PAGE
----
Barred Rock Bullying

Marinefam2053

Songster
Jul 18, 2019
84
169
107
Deep South East
I have just this week started to integrate my 3 younger Barred Rocks. I had thought that my older girls would be the ones with the pecking issues. Turns out it’s the opposite. Thankfully they aren’t hurting each other, but they clearly are showing their dominance. How long could this last? Is this normal for that breed?
 

Cryss

Crossing the Road
Nov 12, 2017
4,488
11,174
757
Northwest New Jersey
Welcome to BYC!:welcome

I can only tell you my own experience. Many people have no problems with BR. I bought them to add to my flock because I read they were a friendly breed. They were good for about a year, then began attacking my Easter Egger, hubby's favorite hen. After trying all of the suggestions I gave up and gave them to a woman with a huge flock. They are doing great and my flock is back to being calm. A friend mentioned to me that BR are friendly with humans, but not with other breeds, especially calm docile breeds like I am trying to keep.
I'm sure others will chime in here with varying opinions and experiences. This was mine.
Good luck:thumbsup
 

Marinefam2053

Songster
Jul 18, 2019
84
169
107
Deep South East
Welcome to BYC!:welcome

I can only tell you my own experience. Many people have no problems with BR. I bought them to add to my flock because I read they were a friendly breed. They were good for about a year, then began attacking my Easter Egger, hubby's favorite hen. After trying all of the suggestions I gave up and gave them to a woman with a huge flock. They are doing great and my flock is back to being calm. A friend mentioned to me that BR are friendly with humans, but not with other breeds, especially calm docile breeds like I am trying to keep.
I'm sure others will chime in here with varying opinions and experiences. This was mine.
Good luck:thumbsup

I am hoping that things just settle down on their own, since there are only 3 BR and 4 Eggers and 1 Rhode Island. The other 5 are about 3 weeks older, and now I am wishing that I would have added them in about a month ago when they were a little younger. They have space to get around, and thankfully there isn't any fighting in the coop at night. I guess I'll have to wait and see.
 

aart

Chicken Juggler!
Premium Feather Member
8 Years
Nov 27, 2012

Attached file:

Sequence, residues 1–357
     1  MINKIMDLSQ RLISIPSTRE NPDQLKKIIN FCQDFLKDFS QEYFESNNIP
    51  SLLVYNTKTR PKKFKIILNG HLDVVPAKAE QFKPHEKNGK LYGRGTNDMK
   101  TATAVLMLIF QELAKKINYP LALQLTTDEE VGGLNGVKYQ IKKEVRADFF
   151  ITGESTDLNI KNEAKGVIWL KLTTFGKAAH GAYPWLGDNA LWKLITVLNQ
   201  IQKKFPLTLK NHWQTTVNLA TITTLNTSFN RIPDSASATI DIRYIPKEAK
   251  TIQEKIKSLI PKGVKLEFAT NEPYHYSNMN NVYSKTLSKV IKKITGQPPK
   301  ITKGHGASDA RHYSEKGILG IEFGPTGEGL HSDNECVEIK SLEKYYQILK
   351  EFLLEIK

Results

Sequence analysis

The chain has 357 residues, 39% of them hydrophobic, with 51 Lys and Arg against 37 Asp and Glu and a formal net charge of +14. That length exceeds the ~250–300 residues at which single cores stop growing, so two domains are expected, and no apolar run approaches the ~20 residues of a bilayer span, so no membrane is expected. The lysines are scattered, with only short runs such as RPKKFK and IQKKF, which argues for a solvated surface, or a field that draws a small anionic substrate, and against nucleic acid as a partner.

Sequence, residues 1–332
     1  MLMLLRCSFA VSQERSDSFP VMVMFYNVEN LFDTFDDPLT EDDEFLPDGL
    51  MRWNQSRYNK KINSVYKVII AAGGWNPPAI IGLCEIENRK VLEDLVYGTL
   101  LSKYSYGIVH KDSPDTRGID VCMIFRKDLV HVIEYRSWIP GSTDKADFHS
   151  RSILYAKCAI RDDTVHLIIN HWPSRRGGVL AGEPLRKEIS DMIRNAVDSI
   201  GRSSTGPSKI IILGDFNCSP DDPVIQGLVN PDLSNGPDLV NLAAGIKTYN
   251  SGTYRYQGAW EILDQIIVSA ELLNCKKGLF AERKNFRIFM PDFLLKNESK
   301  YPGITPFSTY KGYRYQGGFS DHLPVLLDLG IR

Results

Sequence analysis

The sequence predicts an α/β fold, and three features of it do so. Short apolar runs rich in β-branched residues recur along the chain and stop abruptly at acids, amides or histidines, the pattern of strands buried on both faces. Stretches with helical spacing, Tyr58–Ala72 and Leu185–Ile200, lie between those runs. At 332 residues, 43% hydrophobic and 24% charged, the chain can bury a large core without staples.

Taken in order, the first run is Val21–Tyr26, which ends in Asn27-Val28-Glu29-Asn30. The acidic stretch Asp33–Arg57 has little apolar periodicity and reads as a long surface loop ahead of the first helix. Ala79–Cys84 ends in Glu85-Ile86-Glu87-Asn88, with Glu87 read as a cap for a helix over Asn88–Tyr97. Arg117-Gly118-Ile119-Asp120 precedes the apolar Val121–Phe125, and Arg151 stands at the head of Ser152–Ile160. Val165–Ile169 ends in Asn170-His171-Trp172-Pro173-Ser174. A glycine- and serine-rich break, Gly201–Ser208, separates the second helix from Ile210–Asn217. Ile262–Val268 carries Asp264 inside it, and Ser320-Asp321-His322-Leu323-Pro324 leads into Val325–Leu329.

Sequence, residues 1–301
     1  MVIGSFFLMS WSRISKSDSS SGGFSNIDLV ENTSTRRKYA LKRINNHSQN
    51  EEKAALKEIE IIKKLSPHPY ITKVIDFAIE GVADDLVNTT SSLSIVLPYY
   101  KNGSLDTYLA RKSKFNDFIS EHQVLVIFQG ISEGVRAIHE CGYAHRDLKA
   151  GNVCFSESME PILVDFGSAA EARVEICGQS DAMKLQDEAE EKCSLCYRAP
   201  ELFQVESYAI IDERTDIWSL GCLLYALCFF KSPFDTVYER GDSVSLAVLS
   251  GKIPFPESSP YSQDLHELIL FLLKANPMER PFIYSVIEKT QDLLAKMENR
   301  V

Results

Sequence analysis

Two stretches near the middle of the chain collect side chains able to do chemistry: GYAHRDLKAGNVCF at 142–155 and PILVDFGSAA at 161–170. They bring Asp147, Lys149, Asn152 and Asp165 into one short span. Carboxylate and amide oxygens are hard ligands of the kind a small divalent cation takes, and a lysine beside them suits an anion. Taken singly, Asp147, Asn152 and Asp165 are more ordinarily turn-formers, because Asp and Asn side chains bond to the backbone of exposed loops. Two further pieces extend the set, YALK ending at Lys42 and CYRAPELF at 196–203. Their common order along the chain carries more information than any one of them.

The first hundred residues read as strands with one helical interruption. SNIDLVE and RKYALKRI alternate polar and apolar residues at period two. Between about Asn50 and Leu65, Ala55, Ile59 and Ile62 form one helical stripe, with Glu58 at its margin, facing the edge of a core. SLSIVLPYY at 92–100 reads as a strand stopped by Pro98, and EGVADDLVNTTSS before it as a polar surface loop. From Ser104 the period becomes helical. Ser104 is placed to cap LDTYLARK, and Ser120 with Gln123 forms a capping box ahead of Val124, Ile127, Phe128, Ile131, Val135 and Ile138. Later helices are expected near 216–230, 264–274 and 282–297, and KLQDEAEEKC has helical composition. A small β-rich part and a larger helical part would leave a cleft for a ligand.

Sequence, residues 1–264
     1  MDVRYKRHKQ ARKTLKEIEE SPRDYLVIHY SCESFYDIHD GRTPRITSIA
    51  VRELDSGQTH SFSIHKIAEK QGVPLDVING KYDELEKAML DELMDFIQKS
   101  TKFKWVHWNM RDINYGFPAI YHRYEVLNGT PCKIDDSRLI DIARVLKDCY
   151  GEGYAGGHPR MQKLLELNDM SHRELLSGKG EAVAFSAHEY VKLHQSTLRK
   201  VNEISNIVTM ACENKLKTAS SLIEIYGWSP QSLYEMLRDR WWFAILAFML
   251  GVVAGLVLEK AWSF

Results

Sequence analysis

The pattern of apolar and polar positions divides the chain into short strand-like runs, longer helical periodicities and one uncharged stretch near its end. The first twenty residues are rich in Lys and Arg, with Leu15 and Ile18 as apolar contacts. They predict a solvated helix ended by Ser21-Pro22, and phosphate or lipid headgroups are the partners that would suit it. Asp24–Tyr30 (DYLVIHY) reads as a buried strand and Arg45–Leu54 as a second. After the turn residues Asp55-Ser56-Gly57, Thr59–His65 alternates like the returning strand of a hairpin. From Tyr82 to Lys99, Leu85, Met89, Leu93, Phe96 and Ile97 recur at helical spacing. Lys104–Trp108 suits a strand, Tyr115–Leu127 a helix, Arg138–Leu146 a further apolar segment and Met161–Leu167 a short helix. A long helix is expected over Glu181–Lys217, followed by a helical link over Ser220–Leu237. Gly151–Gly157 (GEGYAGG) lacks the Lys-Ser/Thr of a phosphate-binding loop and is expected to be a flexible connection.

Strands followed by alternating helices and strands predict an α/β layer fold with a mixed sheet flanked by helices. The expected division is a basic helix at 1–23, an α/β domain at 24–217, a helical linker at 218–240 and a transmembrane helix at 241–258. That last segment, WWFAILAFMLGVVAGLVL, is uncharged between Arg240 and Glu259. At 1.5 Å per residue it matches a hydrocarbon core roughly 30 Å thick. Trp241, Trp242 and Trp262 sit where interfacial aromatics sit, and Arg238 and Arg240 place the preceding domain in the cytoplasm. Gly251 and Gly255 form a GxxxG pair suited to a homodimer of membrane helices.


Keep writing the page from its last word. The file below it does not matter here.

97,641
133,799
1,807
SW Michigan
My Coop
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I am hoping that things just settle down on their own, since there are only 3 BR and 4 Eggers and 1 Rhode Island. The other 5 are about 3 weeks older, and now I am wishing that I would have added them in about a month ago when they were a little younger. They have space to get around, and thankfully there isn't any fighting in the coop at night. I guess I'll have to wait and see.
How old are all the birds?
How did you add the new ones?
How much space, in feet by feet?
Dimensions and pics would help.

Here's some tips about ....
Integration Basics:
It's all about territory and resources(space/food/water).
Existing birds will almost always attack new ones to defend their resources.
Understanding chicken behaviors is essential to integrating new birds into your flock.

Confine new birds within sight but physically segregated from older/existing birds for several weeks, so they can see and get used to each other but not physically interact.

In adjacent runs, spread scratch grains along the dividing mesh, best if mesh is just big enough for birds to stick their head thru, so they get used to eating together.

The more space, the better.
Birds will peck to establish dominance, the pecked bird needs space to get away. As long as there's no copious blood drawn and/or new bird is not trapped/pinned down and beaten unmercilessly, let them work it out. Every time you interfere or remove new birds, they'll have to start the pecking order thing all over again.

Multiple feed/water stations. Dominance issues are most often carried out over sustenance, more stations lessens the frequency of that issue.

Places for the new birds to hide 'out of line of sight'(but not a dead end trap) and/or up and away from any bully birds. Roosts, pallets or boards leaned up against walls or up on concrete blocks, old chairs tables, branches, logs, stumps out in the run can really help. Lots of diversion and places to 'hide' instead of bare wide open run.
 

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